A majoritarian leader is actually a populist leader who works hard for the concerns of people that who thinks are being ignored by the established elite groups in a society, and who always present himself as a new man mostly of a modest and plebeian background against old political establishment, in spite of the fact that who is a seasoned political figure, but usually not centre stage. This is exactly what Narendra Modi is, because in his 2014 election campaign, he presented himself as a new man against the Ghandi’s family’s old political system despite the fact he was CM Gujrat at that time. He also presented himself as someone who belongs to a very plebeian background that he had to work in his father’s tea shop when he was a child. Whereas, nationalism is a political idea or a philosophy that promotes and protects the interests of a particular nation, nationalism is the bedrock of most of the populists and NarendraModi is no exception. NarendraModi is a majoritarian national-populist leader who since his childhood has been the member of RSS, and now is a full time pracharak of RSS ideology that stresses that Hindu are the true and only sons of this Indian soil.

Majoritarian national- populist leaders like Narendra Modi are basically authoritarian leaders who reject political pluralism, and this is exactly what Modi is doing in India.Modi  and the BJP has made it clear that no other party should compete with it, or is even needed, as indicative from its slogan of a ‘Congress Mukt Bharat’ (a Congress-free India).Whereas, Sultanism is a form of authoritarian government and according to Max Weber NarendraModi is a new sultan of India who is pushing India towards illiberal democracy by rejecting all kind of civil liberties particularly of Indian Muslim minority.

Modi’s majoritarian policy of governance in India is basically the promotion of majoritarian democracy that asserts Hindus a special and superior status in India because they constitute 80.5% of total Indian population and that this majoritarian policy protests Hindutva ideology  that stresses that Hindus are the only sons of this soil and that strengthen the Hindu community. This majoritarian democracy is a big question mark on India as the world biggest liberal democracy because continuous violence, rejection of civil liberties, and crimes against the minorities that are Muslims, Sikhs, and Christians have been on the increase. About 1.8 million people who are minority communities are tortured in police custody every year. The word murder of minorities has been replaced by the term encounter killings. Torture have increased to such a huge extent that it questions the credibility of the rule of law and criminal justice. Hindu nationalists are revolting all around India especially against Muslims because they are the largest minority in India constituting 13.4% of total population and because Hindus have resentment toward their religion, Christians and Sikhs are no exception to their violence because they too constitute 2.3% and 1.9% of total Indian population.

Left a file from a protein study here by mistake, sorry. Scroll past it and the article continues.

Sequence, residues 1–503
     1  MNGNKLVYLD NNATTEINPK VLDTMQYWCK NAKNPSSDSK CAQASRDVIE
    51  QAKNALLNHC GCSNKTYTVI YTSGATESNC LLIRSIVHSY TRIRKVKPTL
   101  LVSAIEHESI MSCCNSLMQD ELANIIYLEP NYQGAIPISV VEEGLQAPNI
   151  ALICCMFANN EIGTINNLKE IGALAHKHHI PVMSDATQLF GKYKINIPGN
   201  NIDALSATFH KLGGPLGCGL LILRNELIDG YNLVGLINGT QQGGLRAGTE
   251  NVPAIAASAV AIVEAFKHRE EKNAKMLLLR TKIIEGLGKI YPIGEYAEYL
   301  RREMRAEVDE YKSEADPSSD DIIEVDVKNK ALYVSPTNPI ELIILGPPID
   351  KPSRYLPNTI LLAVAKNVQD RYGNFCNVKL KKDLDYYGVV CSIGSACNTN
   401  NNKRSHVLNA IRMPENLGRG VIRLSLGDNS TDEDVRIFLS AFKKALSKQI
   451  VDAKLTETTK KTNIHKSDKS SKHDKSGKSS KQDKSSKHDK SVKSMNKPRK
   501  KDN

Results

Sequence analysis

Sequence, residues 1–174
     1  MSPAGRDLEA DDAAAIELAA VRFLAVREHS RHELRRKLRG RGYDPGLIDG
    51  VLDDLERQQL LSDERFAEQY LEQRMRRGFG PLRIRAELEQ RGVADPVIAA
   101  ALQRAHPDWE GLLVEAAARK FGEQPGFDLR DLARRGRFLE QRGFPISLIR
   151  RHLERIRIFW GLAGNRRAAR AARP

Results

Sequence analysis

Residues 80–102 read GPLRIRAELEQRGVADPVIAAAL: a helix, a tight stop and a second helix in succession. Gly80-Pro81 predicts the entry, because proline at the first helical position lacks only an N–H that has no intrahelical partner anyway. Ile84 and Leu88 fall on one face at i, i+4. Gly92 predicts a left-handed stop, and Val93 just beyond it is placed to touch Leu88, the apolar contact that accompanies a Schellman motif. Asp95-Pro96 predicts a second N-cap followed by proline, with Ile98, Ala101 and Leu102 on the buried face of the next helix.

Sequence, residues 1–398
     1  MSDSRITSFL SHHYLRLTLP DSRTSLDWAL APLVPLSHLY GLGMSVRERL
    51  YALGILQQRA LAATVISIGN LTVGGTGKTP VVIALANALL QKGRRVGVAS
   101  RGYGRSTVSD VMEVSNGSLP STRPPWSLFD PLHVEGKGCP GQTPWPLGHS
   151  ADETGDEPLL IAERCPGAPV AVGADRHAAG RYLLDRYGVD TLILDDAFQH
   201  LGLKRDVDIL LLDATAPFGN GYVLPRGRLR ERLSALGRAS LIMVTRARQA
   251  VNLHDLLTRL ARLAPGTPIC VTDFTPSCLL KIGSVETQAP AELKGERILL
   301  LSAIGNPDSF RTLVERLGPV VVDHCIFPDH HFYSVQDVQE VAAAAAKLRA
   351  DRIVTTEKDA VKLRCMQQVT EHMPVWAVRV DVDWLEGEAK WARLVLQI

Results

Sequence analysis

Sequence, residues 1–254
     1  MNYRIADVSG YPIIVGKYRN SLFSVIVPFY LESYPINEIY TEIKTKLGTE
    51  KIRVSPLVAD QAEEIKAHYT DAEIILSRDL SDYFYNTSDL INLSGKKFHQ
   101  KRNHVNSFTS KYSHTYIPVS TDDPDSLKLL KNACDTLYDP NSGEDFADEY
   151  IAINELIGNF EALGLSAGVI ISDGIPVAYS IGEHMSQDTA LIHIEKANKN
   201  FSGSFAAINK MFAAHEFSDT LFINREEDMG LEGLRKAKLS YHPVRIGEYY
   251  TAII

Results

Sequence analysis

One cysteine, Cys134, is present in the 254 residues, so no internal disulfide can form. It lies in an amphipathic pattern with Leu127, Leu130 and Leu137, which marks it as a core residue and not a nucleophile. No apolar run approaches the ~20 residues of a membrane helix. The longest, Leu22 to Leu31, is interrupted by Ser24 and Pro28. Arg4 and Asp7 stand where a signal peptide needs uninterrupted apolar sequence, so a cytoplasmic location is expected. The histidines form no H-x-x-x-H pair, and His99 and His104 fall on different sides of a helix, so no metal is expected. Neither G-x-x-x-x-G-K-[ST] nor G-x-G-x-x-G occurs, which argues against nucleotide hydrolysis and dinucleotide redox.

Unfortunately, India under Narendra Modi is crawling from the world’s biggest liberal democracy to illiberal majoritarian democracy which is promoting and safeguarding only Hindu’s civil rights and liberties and that which is negating minority’s civil liberties and civil rights especially rights and liberties of Muslims of India. One such example of this is the Citizenship Amendment Bill (CAB).Under the act, for the first time in India, religion is a basis for granting citizenship. According to some this citizenship amendment bill by BJP is an intentional act in order to marginalize Muslims from mainstream politics. In addition to this, Muslims are not only being tortured at their religious places for their religious affiliations, but they are also being tortured at their educational institutions which is evident from a video of 15 December 2020, where Delhi police brutally tortured Muslims students of Jamia Millia Islamia university.

Keeping in mind Narendra Modi’s illiberal majoritarian democracy, the future of liberal democracy or pluralistic India appears to be gloomy, where the future of Indian minorities especially Muslims is a big question mark.